Not that High, Wide and Handsome is particularly didactic in intent, but it does very effectively follow Brecht's principle outlined in the Little Organum for the Theatre: 'As we cannot invite the public to fling itself into the story as if it were a river, and let itself be swept vaguely to and fro, the individual events have to be knotted together in such a way that the knots are easily seen. The events must not succeed one another indistinguishably but must give us a chance to interpose our judgment.' On the one hand, there is the basically realistic treatment of the historical facts: the prospectors toiling to build the pipelines clear across the state through snow and forest and over mountains to the refineries; the chicanery of rising freight prices countered by farmers contributing their life savings; the gangs of mercenaries sent out to terrorise the builders and destroy their work. On the other, the rustic never-never village of Titusville, with its rose-covered cottages and dainty farmyards where hero and heroine conduct their idyllic romance. Knotting the two together, such splendid alienation effects as the pastoral wedding in which the guests parading in their gingham and frockcoat finery are showered by sprays of gushing oil, or the magnificent ride to the rescue of an entire circus troupe just as the heroes, within sight of success as they hoist the last pipes up a sheer mountain rock-face, are attacked by the villains brandishing whips and pickaxes. (pp. 106, 108)

To analyse the film in these terms, of course, is to be hopelessly ponderous about it—Mamoulian was not trying to make a Brechtian analysis of the human condition along the lines of The Caucasian Chalk Circle or The Good Woman of Setzuan—and I have done so simply because the attitude is so widespread that in High, Wide and Handsome he wrecked a good historical Western by getting frivolous about it, or alternatively, wrecked a good musical by getting too serious about it. The truth is that he has simply instilled a little reality and a little human feeling into the artificial world of the musical. (p. 110)

Mamoulian's second encounter with colour was almost as fruitful as his first. With its elegantly swirling capes and statuesque groupings, its rich romantic aura of love in the moonlight and death in the afternoon, and its superb colour effects setting the dusty ochres of the arena scenes against the glowing blues and crimsons of the costumes and interiors, Blood and Sand all but brings off the tricky task of dominating the melodrama inherent in Ibanez's story of a matador's progress from rags to riches and retribution. Only at the end does the plot begin to pile up and get out of hand. (p. 128)

Mamoulian has described how many sequences in the film were deliberately styled after certain painters. For instance, Murillo bronzes, browns and blacks for Juan's poverty-stricken childhood; Goya, of course, for the bullring; Velazquez for Doña Sol's mansion (in essential flavour rather than detail: Velazquez as the master of light and shadow, of the richness of court life); El Greco for the matador's chapel; fourteenth-century primitives for the death of Nacional (because he is a primitive); sixteenth-century Venetians for Juan's dressing-room, with the luxurious colour and bustling movement of Titian and Veronese in the ceremonial robing of Juan; Sorolla for the street and market scenes; and so on.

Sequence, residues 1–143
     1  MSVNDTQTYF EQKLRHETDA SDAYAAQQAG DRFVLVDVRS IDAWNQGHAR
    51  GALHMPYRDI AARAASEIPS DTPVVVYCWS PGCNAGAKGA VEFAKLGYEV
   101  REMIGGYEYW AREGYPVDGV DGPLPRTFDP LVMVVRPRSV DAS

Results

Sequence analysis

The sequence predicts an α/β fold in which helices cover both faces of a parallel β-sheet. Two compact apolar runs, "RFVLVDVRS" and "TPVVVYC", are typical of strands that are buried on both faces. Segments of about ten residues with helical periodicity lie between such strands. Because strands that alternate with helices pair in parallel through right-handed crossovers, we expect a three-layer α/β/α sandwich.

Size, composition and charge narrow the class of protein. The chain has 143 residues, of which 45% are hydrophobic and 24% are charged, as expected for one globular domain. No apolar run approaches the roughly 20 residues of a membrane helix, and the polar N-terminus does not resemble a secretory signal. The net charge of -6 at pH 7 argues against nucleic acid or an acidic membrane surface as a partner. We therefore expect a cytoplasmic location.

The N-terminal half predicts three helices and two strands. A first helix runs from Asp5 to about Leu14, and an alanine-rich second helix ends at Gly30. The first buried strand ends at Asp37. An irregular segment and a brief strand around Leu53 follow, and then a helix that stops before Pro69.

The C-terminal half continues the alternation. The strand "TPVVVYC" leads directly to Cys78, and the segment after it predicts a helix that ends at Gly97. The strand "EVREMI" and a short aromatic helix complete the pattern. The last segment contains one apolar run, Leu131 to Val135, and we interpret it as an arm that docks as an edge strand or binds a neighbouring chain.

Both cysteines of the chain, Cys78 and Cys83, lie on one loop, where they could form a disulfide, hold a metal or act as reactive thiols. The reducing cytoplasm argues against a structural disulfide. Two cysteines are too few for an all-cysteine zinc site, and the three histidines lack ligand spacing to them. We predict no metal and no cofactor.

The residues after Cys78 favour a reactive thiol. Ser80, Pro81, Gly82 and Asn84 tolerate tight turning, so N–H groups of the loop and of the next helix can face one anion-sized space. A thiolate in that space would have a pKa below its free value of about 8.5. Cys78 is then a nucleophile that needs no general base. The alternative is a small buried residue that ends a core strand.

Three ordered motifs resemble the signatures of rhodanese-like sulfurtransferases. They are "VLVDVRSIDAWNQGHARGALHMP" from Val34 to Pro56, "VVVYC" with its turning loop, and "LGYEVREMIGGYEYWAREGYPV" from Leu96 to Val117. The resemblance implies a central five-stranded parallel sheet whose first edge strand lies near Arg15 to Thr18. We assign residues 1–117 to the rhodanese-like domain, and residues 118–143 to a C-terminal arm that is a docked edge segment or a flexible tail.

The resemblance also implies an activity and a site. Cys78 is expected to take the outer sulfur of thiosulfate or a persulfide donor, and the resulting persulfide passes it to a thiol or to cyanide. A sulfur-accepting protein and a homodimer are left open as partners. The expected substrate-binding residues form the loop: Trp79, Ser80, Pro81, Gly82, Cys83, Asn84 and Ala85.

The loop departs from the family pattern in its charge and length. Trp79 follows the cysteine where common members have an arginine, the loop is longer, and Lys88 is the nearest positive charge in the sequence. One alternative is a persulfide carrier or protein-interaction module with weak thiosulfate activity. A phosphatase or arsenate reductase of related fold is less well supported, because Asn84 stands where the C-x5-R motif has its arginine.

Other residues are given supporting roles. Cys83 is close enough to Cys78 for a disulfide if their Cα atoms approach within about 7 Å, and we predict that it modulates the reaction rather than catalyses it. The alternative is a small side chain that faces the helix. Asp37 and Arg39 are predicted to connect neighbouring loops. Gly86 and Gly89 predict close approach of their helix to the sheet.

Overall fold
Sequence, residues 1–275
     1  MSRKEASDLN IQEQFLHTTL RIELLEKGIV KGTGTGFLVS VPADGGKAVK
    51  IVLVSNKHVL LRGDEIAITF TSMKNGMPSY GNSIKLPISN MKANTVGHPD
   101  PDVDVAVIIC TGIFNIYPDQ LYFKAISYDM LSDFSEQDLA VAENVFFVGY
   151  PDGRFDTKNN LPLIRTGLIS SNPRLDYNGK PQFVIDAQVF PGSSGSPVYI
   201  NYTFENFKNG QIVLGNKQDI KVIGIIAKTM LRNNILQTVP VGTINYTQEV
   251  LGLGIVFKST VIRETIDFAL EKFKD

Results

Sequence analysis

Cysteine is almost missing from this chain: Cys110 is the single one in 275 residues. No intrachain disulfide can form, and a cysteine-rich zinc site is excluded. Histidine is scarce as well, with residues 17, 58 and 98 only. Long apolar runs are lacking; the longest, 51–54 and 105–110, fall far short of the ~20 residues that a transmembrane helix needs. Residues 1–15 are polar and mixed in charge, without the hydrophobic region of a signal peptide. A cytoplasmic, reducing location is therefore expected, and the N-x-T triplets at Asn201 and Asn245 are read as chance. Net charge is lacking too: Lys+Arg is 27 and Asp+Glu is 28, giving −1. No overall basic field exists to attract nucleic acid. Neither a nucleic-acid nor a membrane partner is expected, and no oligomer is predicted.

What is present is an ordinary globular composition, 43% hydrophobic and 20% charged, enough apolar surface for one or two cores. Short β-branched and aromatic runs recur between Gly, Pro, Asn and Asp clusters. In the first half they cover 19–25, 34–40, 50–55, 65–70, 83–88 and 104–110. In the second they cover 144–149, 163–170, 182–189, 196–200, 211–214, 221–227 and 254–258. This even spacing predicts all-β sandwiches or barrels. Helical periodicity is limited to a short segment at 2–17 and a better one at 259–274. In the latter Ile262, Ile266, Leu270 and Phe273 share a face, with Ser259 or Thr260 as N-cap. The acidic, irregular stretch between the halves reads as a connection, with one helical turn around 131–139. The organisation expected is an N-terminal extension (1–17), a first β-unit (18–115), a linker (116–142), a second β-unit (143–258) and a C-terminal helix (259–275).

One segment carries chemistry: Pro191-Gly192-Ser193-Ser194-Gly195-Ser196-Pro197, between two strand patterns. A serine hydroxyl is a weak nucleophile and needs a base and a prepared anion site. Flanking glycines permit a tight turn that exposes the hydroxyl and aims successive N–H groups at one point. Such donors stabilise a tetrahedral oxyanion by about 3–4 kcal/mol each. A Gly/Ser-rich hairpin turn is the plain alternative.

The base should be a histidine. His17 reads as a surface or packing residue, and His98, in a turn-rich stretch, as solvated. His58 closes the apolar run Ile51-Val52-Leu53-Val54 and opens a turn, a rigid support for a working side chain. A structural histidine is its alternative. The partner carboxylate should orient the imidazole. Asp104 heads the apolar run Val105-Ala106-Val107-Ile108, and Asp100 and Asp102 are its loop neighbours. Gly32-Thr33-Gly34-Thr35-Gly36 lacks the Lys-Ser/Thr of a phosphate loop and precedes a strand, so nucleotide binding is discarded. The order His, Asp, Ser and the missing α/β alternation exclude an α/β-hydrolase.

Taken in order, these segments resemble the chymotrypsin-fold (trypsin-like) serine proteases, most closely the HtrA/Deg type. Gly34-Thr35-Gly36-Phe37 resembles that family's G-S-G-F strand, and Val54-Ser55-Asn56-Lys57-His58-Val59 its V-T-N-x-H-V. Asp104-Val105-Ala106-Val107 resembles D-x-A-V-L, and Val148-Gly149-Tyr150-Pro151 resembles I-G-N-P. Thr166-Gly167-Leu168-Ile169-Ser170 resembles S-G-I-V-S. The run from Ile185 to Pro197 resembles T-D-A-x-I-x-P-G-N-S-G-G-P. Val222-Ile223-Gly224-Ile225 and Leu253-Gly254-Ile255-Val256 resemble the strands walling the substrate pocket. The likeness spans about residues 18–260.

To anyone not particularly well versed in the history of art, most of these derivations will probably pass unnoticed; but not the reasons, emotional and visual, for their adoption. After the long childhood sequence, dominated by the drab browns and blacks of poverty, the first splash of colour comes with the shock of a window opening on a new world. Juan and his boyhood friends, having run away to Madrid to learn the art of the ring, are returning ten years later as fully fledged bullfighters. On the train taking them home they talk, and someone addresses a question to Juan, lying stretched out on the seat. He lowers his newspaper, and behind his head is a folded cape making a nimbus of brilliant, dazzling crimson. A symbol of his glory as a matador, the colour is soon to be appropriated by Doña Sol …, the free-loving society lady first seen striking a discordant note amid the soft blues and greens of the El Greco chapel as she sets her sights on Juan … while he prays before entering the ring. (pp. 128, 130)

Counterpointing these illusory splendours, a motif of soft, romantic purity centering on Carmen, the patient Grizelda who is lent a touch of Juliet by being the object of two balcony serenades: the first as a child, when young Juan arrives by moonlight to announce his departure to Madrid, and makes an undignified exit by falling off the creeper which has carried him to her window; and the second when he arrives with a full orchestra to announce his return. Heralded twice by the moonlight, generally dressed in downy white with gentle mantillas softening the contours of her face, Carmen is as much an illusion as the glittering Doña Sol. Briefly, in her shortlived happiness with Juan, in her visit (dressed in unrelenting black) to plead her cause with Doña Sol, she becomes a woman. For the rest she is a wraith, haunting Juan's imagination as a dream of love, and haunting the ethereally tormented El Greco chapel where he faces his fears and finally meets his death.